The back panel is a typical mid-tower design, with a single fan spot positioned above seven horizontal slots for add-in cards. The extra width of the Duoface is put to good use, though. Anyone wishing to mount their video card vertically will find three additional vertical slots next to the horizontal ones. The cover over the vertical slots is hinged on one side and held in place by two screws on the other, so you can mount a card vertically without a third-party mount (you’ll still need a riser cable, though) or DIY modifications to the case.
Keeping the front of the case looking clean, the IO ports are located along the top of the case. Going from front to back along the right side are the power button, a reset/RGB switch, a headphone/microphone audio jack, one USB 2.0 port, and two USB 3.0 ports. I was surprised at the lack of a USB Type-C port. The remainder of the top panel is perforated with large holes and covered in a mesh filter.
When it comes to the internal design, there isn’t a lot to talk about. The case can accommodate virtually any size motherboard, from mini-ITX up to a 277mm wide E-ATX. There is room for a total of five 120mm/140mm fans - two on the front, two along the top, and one at the rear. Radiators up to 280mm can be installed in the front and top, and up to a 140mm radiator could fit in the rear fan spot. The power supply shroud is a solid piece of metal, so mounting a radiator or additional fans on the bottom of the case is an automatic no-go.
Cougar didn’t skimp when it comes to pre-installed case fans. The case comes with two Cougar CR-140 fans installed in the front and a CR-120 in the rear slot. All the included fans are ARGB, so you are already off to a good start if you like to light up the inside of your case.
It’s more of the same practical design when you open the right side panel and expose the back of the motherboard tray. As is customary these days, a removable hard drive bay large enough for two 3.5” mechanical drives lives under the power supply shroud, and there are a pair of SSD holders located on the back of the motherboard tray.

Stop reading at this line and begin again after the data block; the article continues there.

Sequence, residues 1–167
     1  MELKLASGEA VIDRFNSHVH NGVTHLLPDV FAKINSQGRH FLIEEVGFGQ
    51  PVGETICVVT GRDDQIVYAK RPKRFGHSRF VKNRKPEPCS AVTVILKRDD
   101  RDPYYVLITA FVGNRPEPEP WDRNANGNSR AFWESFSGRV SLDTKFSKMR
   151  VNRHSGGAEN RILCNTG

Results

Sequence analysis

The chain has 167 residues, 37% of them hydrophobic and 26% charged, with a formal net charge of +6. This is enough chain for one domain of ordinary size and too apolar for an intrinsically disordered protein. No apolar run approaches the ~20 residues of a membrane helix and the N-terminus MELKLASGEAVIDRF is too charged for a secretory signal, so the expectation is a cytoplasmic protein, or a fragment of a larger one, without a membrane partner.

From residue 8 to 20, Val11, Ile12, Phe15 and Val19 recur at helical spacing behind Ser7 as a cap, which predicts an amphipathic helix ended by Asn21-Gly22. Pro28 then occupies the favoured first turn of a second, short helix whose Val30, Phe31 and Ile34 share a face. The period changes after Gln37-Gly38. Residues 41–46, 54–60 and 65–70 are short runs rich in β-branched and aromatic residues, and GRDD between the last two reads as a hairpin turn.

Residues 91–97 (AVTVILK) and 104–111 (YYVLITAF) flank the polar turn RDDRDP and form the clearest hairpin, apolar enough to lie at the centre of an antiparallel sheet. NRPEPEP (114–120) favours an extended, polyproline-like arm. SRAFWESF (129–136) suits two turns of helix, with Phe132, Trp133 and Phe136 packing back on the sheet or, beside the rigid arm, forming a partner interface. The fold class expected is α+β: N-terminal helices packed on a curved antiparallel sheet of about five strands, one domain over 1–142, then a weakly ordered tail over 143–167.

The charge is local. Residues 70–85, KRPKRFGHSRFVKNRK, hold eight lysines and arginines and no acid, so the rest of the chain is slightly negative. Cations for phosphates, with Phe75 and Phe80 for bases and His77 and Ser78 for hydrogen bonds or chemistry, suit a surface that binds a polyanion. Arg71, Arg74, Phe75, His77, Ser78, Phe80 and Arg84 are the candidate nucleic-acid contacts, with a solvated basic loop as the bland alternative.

When it came time to build out my system in the Duoface, I was pleasantly surprised with how big the inside of the case felt, and installing the motherboard and other bits was a piece of cake. One area I often struggle with during a build is the top left corner of a case. Many cases mount the motherboard so close to the top of the case that it can be a challenge to get my hands into the tight corner to plug in the fan header and CPU power cords. Fortunately, there is plenty of space above the motherboard in the Duoface, and I could plug both connectors in without contorting my wrist into some uncomfortable angle while I blindly tried to align holes and pins.
That extra space at the top of the case also comes in handy when top-mounting an AIO cooler. The extra height of the Duoface leaves a gap between the motherboard and the bottom of the radiator fans. The gap isn’t big enough to be unsightly if you air cool your CPU, but it is large enough to fit a radiator and fans along the top of the case without them hanging below the top of the motherboard. Adding extra fans for a push-pull configuration will leave the bottom fans hanging below the top of the motherboard, but the wide chassis ensures the setup will stay clear of the RAM slots and VRM heatsinks.